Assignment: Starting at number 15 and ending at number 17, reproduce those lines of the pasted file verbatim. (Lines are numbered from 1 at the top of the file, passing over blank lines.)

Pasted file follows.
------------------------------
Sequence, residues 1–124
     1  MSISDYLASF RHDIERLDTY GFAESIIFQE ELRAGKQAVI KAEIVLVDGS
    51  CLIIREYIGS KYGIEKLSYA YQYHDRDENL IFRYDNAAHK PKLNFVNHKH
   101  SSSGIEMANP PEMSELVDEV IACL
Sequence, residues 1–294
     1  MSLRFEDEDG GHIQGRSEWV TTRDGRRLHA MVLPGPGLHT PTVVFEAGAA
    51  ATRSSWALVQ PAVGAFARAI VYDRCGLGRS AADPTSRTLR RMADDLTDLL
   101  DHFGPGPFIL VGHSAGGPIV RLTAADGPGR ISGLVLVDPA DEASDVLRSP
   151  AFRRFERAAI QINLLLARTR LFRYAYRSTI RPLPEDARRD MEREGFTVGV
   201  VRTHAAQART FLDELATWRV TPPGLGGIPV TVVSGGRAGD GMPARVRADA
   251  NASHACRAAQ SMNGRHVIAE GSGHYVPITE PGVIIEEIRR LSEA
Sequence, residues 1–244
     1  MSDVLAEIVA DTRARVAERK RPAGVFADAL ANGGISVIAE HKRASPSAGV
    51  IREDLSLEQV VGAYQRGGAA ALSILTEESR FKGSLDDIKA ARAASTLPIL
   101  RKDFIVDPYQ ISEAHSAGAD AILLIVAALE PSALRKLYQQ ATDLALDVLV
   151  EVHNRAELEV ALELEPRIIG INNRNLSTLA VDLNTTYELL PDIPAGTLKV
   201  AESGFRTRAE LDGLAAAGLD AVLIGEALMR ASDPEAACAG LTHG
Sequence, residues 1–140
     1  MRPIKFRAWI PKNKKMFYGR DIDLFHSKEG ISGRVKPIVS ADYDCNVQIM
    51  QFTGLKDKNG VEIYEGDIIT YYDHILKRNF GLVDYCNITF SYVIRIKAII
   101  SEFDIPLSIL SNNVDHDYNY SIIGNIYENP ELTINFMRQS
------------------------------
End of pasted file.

   101  RKDFIVDPYQ ISEAHSAGAD AILLIVAALE PSALRKLYQQ ATDLALDVLV
   151  EVHNRAELEV ALELEPRIIG INNRNLSTLA VDLNTTYELL PDIPAGTLKV
   201  AESGFRTRAE LDGLAAAGLD AVLIGEALMR ASDPEAACAG LTHG